NASA is in possession of a well-known hyperspectral sensor called the Airborne Visible/Infrared Imaging Spectrometer, or AVIRIS for short. It takes images in as many as 224 separate channels. An example spectrum of a pixel of hyperspectral image taken by AVIRIS is presented below. The pixel represents a land area covered with soybean crops. There are only 200 channels present, since some were already removed due to the strong water absorption mentioned above. There are more relatively broad and weaker water absorption bands visible, detected in channels close to 60, 80, and 100.
The majority of hyperspectral data analysis encapsulates the hyperspectral image segmentation, meaning assigning a class of each pixel. This class should reflect the content of the land area represented by that pixel. Hyperspectral image segmentation is an important task because it allows to efficiently and accurately map land cover on a large scale. More about the use cases of hyperspectral imaging can be found in my previous blog post or on the infographic.
Looking at the spectra, we realized that adjacent channels have almost the same values, meaning they carry redundant information. We decided to evaluate how dropping every other channel would impact the performance of a machine learning classifier. It turned out that a reduction of 50% of channels, meaning 50% if the size of the data, has a negligible effect on the final accuracy of three popular ML classifiers. We decided to continue with such reduction (actually we exploited three different methods of such data reduction - taking an average of a few adjacent channels, taking the channel with the highest signal to noise ratio, and selecting one channel randomly in a given window. They all gave similar results) for larger factors. The image below shows how the spectra of the same pixel change if we apply 2x, 4x, and 8x reduction of the data, as well as the original spectrum for comparison. We can see that the 2x reduction changes virtually nothing. The 4x reduction has some edges here and there, but generally follows the trend of the original data. Only at 8x reduction we start to see some degradation of the spectrum, something that even smart interpolation cannot revert.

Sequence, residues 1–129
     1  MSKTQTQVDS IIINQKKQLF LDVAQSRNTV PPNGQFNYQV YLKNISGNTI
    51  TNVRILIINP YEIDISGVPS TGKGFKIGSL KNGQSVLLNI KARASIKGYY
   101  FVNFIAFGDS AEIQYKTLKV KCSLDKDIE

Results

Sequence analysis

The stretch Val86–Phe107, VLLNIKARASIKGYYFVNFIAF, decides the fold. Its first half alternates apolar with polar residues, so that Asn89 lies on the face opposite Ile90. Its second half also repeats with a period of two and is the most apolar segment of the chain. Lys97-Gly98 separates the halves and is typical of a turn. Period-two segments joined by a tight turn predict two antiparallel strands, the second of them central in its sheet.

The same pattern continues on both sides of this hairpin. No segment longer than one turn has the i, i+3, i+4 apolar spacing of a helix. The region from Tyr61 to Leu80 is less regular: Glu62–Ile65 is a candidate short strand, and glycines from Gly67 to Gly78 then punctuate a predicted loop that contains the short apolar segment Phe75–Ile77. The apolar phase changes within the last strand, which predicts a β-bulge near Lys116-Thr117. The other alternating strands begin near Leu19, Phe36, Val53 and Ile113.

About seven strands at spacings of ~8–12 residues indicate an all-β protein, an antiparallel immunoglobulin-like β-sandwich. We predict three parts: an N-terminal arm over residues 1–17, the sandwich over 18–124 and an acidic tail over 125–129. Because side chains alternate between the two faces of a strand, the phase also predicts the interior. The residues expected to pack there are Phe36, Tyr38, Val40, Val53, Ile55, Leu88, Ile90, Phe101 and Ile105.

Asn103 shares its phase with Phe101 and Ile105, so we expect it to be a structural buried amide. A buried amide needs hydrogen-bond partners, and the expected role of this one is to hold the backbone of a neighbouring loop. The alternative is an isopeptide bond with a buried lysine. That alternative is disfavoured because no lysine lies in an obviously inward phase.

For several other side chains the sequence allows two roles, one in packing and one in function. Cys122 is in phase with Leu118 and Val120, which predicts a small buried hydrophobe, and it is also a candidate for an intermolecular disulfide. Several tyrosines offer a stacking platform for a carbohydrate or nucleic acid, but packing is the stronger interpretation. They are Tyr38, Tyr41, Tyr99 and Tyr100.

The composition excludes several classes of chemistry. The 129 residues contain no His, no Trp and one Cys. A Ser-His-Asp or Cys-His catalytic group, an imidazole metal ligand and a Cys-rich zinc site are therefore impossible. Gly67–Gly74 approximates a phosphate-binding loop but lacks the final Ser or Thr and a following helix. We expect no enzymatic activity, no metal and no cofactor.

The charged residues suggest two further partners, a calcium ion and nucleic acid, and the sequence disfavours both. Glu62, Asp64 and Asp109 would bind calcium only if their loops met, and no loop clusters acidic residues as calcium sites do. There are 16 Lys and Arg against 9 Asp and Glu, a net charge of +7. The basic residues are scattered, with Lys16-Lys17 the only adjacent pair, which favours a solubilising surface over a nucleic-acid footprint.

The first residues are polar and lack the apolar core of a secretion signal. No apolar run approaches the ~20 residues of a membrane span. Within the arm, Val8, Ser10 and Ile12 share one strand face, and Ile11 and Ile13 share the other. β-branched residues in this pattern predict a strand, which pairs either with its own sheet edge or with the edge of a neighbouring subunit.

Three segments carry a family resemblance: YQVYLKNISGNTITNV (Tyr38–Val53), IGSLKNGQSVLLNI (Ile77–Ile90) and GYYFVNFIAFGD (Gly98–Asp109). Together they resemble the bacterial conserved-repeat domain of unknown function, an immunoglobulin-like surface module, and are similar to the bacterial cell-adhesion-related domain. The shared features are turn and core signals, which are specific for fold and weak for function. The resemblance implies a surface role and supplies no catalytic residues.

If we push the reduction even further, we obtain an even more significant reduction of size at the cost of a visible loss of spectral resolution. At x16 reduction one can barely see the water absorption minima, but at x32 only the general trend is present.
Machine Learning algorithms confirmed our hypothesis that even a massive data reduction (up to 16-32x) does not drastically degrade the performance of hyperspectral images. Also, such reduced sets are much easier and cheaper to store and transfer in a constrained Earth observation scenario, where the available data transfer time slot is usually very short.
We confirmed that for applications such as crop detection and monitoring, and possibly many similar, the spectral resolution of hyperspectral images can be safely reduced. It is important to be aware that there are disciplines and types of data where such a drop of resolution would lead to larger losses in accuracy, however some levels of reduction should always be applicable.
In principle, our approach could be used in conjunction with other band/feature selection and feature extraction algorithms to not only further enhance the data size reduction rates but also improve the classification performance, as well as with other conventional machine-learning and deep learning segmentation techniques. These findings were very valuable to the hyperspectral image processing researchers and the IEEE Geoscience and Remote Sensing Society - we were invited to the IGARSS 2019 conference in Yokohama to present our work and discuss the challenges in autonomous hyperspectral image processing and data mining.